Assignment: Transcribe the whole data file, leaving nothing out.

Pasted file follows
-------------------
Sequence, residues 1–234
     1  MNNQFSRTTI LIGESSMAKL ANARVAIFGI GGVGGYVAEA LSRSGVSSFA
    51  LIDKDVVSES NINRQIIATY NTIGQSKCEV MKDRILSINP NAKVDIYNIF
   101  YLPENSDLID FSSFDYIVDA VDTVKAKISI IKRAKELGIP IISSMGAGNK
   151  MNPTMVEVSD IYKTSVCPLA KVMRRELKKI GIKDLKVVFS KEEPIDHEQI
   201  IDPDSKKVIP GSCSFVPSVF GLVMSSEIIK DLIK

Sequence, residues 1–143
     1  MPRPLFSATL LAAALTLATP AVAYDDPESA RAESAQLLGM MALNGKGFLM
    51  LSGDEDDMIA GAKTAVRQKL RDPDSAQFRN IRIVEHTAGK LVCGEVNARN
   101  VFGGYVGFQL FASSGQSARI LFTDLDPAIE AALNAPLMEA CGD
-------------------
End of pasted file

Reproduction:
Sequence, residues 1–234
     1  MNNQFSRTTI LIGESSMAKL ANARVAIFGI GGVGGYVAEA LSRSGVSSFA
    51  LIDKDVVSES NINRQIIATY NTIGQSKCEV MKDRILSINP NAKVDIYNIF
   101  YLPENSDLID FSSFDYIVDA VDTVKAKISI IKRAKELGIP IISSMGAGNK
   151  MNPTMVEVSD IYKTSVCPLA KVMRRELKKI GIKDLKVVFS KEEPIDHEQI
   201  IDPDSKKVIP GSCSFVPSVF GLVMSSEIIK DLIK

Sequence, residues 1–143
     1  MPRPLFSATL LAAALTLATP AVAYDDPESA RAESAQLLGM MALNGKGFLM
    51  LSGDEDDMIA GAKTAVRQKL RDPDSAQFRN IRIVEHTAGK LVCGEVNARN
   101  VFGGYVGFQL FASSGQSARI LFTDLDPAIE AALNAPLMEA CGD